LOUDOUN, VIRGINIA —
There are many ways to access reading material today — as digital e-books, on audio, and, of course, on paper. But there’s another option at Gum Spring Public Library in Loudoun County, Virginia. There, patrons can check out human books.
And instead of flipping pages, a "reader" has 20 minutes to talk with the human book, ask questions and learn the story.
Writer and Human Book, Maimah Karmo, is founder of Tiger Lily Foundation, which supports younger women as they deal with a breast cancer diagnosis.
At the age of 32, Karmo was diagnosed with breast cancer. She was 23 years old when she became a single mother of a 3-year-old daughter. Karmo had immigrated to the U.S. from Liberia at age 15, during the civil war in her native country. So she has lots of stories to share in the book she wrote, and orally — as she herself becomes a book, which she finds more intimate.
“You get to see the person for who they really are beyond just the book cover,” Karmo says. “When somebody is talking with you, you can open the pages of their lives and share that. It's just magical to me.”
New way of learning
Dennis Fargo, a human library reader, agrees. “I think facts come quicker and being present to see facial expression and non-verbal’s from the book is richer experience than just turning a page.”
He's 'checked out' Bobbi Carducci, author of the memoir, Confessions of an Imperfect Caregiver. As a human book, she recounts caring for her father-in-law, who had dementia for the last seven years of his life.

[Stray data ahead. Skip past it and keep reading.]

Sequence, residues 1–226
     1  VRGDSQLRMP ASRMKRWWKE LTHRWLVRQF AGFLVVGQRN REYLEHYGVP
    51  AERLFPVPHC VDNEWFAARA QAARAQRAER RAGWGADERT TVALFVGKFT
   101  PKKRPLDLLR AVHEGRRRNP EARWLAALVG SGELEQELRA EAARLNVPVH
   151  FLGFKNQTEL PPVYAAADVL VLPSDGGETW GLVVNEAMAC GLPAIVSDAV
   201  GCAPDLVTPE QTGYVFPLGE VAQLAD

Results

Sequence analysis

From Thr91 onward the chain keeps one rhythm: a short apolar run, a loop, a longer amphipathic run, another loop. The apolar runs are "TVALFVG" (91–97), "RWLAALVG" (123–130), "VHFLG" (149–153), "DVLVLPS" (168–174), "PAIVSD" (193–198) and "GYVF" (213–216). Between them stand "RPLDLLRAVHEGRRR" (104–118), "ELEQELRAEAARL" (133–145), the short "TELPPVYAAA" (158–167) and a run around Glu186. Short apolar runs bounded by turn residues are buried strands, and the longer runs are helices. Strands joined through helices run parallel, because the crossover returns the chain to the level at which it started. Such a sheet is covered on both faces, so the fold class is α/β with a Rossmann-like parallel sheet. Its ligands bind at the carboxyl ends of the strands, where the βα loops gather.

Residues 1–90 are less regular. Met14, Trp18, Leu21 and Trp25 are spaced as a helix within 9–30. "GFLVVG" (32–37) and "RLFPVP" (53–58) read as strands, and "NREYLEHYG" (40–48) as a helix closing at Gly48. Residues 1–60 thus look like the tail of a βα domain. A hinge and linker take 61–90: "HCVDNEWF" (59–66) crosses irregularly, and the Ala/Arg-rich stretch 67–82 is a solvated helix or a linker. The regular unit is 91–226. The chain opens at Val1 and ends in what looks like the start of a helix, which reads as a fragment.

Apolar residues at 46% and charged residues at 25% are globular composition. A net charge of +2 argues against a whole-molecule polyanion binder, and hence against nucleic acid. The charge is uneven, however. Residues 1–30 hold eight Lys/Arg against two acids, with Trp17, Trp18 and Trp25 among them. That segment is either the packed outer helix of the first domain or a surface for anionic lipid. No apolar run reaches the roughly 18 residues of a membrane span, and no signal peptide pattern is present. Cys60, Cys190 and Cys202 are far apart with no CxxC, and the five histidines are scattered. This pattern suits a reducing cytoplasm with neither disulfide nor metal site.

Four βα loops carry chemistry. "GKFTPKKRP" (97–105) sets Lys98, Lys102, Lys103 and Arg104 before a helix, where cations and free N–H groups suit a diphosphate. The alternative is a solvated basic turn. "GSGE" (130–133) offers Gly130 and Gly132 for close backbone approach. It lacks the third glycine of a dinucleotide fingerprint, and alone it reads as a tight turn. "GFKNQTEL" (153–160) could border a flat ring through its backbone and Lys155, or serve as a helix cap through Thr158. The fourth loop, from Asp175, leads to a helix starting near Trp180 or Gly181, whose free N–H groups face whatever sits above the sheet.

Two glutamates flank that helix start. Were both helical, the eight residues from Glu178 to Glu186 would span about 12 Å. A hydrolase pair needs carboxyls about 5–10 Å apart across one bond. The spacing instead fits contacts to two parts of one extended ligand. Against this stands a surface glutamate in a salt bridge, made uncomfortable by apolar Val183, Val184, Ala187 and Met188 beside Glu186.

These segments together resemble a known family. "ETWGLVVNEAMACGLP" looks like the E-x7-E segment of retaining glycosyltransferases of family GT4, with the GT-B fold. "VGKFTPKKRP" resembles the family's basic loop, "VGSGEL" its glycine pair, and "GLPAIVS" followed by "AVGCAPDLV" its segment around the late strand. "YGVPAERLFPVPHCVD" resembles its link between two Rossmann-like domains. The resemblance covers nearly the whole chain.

“During that time I was having migraines,” Carducci recalls. “I was having panic attacks. My hair was falling out. There were days where I was going without sleep as he was as well.”
Carducci says she likes sharing her experience with others.
“Almost everyone I speak to is either experiencing caregiving or knows someone who is,” she says. “It's extremely difficult for caregivers and it impacts entire families. This is probably one of the most difficult things you would do ever in your life because it’s so unpredictable. But it’s also a gift. The moments that you have with your family members and those who you love so much when they’re going through such a difficult time, and experiencing even the moments of clarity that come within it, is absolutely precious.”
Carducci’s story resonates with Fargo.
“I had the guilt that she suffered about that I should have been a caregiver and wasn’t,” Fargo says. “Because when my mother had the final chapters of her life I was 300 miles away. It was my sister who had the burden of caregiving in our family and what help I could give my sister was to pick up the phone and call. I never felt that I was doing what I could.”
From Europe to the US
Gum Spring's Human Library was inspired by a similar program Linda Holtslander discovered in Helsinki.
The library system administrator says the program was originally launched in 2000 in Denmark as a way to help Danes adjust to rapid increases in immigration. The idea was to bring neighbors together so they could get to know each other beyond stereotypes. Sharing emotions and thoughts Holtslander says, brings community members closer together.
“I just thought it was such an amazing opportunity for people to actually meet and have a conversation,” she says. “They are all individuals with a lot to learn from one another.”
Human books are required to attend training sessions before they make their debut. Among the first 'books' offered so far, an Iraqi refugee, a natural healer, a ghost hunter and an e-voting expert at Google.
The program has proven to be very popular, according to librarian Carolyn Reagle.
“We’ve got a lot of great feedback; people have told us this is the best library program they’ve ever been to," Reagle says. “We've gotten suggestions on other books to try for next year. People have recommended friends or people that they know. Most people say that this is a touching program, this is very different.”
Reagle says she would like to see this creative, interactive program available all over the country.